After picking up our rental car and stocking up on beer and liquor (Fort Smith is dry!), we drove the 1.5 hours to Fort Smith where Jeff had set up at a nice motel room. We checked in, picked up some dry flies at one of the fly shops, and headed out in hopes of cashing in on the evening black caddis hatch. We fished from the 3 mile pullout and while the black caddis seemed to be hatching just fine, the trout were either busy subsurface or not interested in this epic hatch. It would turn out that the black caddis dry fly action never really turned on. Locals, including guides and fly shop staff had no explanation for the lack of surface feed on this heavy hatch.
We returned to our motel room, drank beer, and readied for the trico hatch, an early morning hatch that could involve millions of these tiny mayflies and lots of trout hungry for them.
That first morning of fishing was every bit as good as I could have hoped it would be. Jeff and I arrived at the access point a little late compared to what we’d do the next few days, and combined with being a Sunday, the parking lot was already pretty busy for 6:30 am. We fished our 5 weight dry fly rods with a 9 foot 5X leader. Attached on the business end was a size 20 spent-wing trico followed by 12″ – 18″ of 5X tippet and a trico CD emerger.
The tandem rig worked well but visibility was difficult in the early morning darkness. We would later fish a dark trico CD emerger followed by a white winged trico emerger. The dark / black lead fly was often easier to see. Regardless, fishing a tandem rig increased the odds of watching the drift and obviously increased the odds of an eater.
Jeff was off to the races the very second we were rigged up at the car and and it wasn’t long before we were huffing down a dusty trail that wound along the river. It was already on the warm side – in the 70’s – and we had decided to wet wade. We came around a bend in a river braid where the river had gouged out a nice deep bend pool. We were a good 6 feet above the water and looking down I could hardly believe my eyes.
From my perch on the elevated bank, I could almost touch a pod of nice browns with my fly rod as they gorged on the spent tricos drifting down the river. We quickly and carefully descended on the feast and I hooked up but then lost a solid fish as it fought in the heavy current below. We moved upriver and began to cast to steady risers. The action lasted 2 hours, waning in the last 30 minutes. The sun climbed and the morning heat began to press down on us.
We enjoyed a late breakfast at “Trico’s”, appropriately named and then wandered the fly shops in “downtown” Fort Smith. I stocked up on some nymphs I had read about in Steve Galletta’s great book, namely the poodle sniffer and the split case PMD. Both nymphs would turn out to be outstanding patterns and helped me dredge up quite a few browns and rainbows in the hot afternoons. Both flies featured triggers – namely the green wire on the poodle sniffer and the bright yellow spot on the PMD.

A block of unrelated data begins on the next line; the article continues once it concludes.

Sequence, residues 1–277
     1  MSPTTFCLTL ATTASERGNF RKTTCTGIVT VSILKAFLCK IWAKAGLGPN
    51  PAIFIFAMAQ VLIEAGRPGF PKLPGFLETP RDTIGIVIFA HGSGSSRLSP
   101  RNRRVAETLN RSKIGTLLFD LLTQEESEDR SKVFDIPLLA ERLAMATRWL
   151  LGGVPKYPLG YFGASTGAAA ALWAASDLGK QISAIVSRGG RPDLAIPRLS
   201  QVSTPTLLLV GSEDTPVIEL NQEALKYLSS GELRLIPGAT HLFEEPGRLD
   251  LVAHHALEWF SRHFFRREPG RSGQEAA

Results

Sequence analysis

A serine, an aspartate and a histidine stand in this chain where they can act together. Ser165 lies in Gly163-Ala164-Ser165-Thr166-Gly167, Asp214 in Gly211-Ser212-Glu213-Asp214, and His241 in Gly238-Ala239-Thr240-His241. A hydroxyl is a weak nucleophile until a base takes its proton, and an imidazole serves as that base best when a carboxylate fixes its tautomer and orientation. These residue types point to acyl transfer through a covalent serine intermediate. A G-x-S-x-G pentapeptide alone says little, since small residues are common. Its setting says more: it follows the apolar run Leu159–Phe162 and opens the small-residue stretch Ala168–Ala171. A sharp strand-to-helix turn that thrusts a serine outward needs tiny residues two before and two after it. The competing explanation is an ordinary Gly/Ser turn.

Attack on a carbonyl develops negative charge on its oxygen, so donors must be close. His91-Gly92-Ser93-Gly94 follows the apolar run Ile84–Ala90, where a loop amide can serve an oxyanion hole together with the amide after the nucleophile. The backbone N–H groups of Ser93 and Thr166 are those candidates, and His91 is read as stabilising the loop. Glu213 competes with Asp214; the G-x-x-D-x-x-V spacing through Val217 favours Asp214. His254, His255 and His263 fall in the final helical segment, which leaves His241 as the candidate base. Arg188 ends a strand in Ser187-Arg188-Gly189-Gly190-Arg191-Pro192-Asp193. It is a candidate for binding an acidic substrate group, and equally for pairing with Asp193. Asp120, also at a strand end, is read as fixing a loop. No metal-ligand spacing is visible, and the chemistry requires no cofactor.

Fished in a tandem rig below a few split shot and an indicator, these nymphs seemed to outfish the standard scud and sowbug patterns more typical of Bighorn nymphing. Black caddis were certainly around in the evenings, so I figured a pupa pattern would definitely be about in the afternoons, and PMD’s (pale morning duns) could be seen hatching in the afternoons.
On successive hot afternoons I had some nice sections of the river around the access all to myself, save a few drift boats passing through. I found a nice run on a river braid that featured some fast water entering into a deep hole with an undercut bank. This too was heavy water but not as fast as the main river section it fed.
Rigged with a split case PMD as my anchor fly and a poodle sniffer on the trailer, I worked my nymph rig through the fast water at the head of the run. I adjusted my indicator for the depth and it wasn’t long before the indicator plunged forward and a nice rainbow launched out of the water. As fast as it was on, it was off. What followed was steady action. I worked the run from head to toe and there was no shortage of affection from browns (the majority), rainbows, and one stocky whitefish…
My first day of nymphing proved excellent – my second day was even better, with 15 trout landed and quite a few lost.
The dry fly fishing also got better. On the following mornings, Jeff and I were up earlier, walking to the river in the dark with the moon high above. Being prepared the night before and rising earlier meant choice fishing locations. Wading wet was delightful, and easier, but the first hour or so was pretty chilly. Most anglers who dressed in waders enjoyed the morning coolness but wilted as the sun climbed high in the morning sky. Daytime highs were hitting the upper 90’s!
We had the dry fly fishing dialed in nicely by the second morning. Sometimes the trout would school up in big pods and just wander back and forth across the river, slowly pushing up river, snouts up. It was an amazing sight that made one’s hands shake and fumble with excitement when tying on a fly…
The fish were not spooky when in “full feast mode”. With just a little stealth, one could easily approach behind a working pod. Most times, even hooking up did not put the pod down.
Jeff and I fished the river on our own until Tuesday – we then moved from our hotel room to the Eastslope Outfitters lodge. The last time I had fished the Bighorn with Jeff, we started off with guided fishing and ended up with a day or two fishing on our own. I felt good about our first few days of fishing success and now looked forward to fishing under the tutelage of Bighorn River experts.
Part 2 of 2 follows…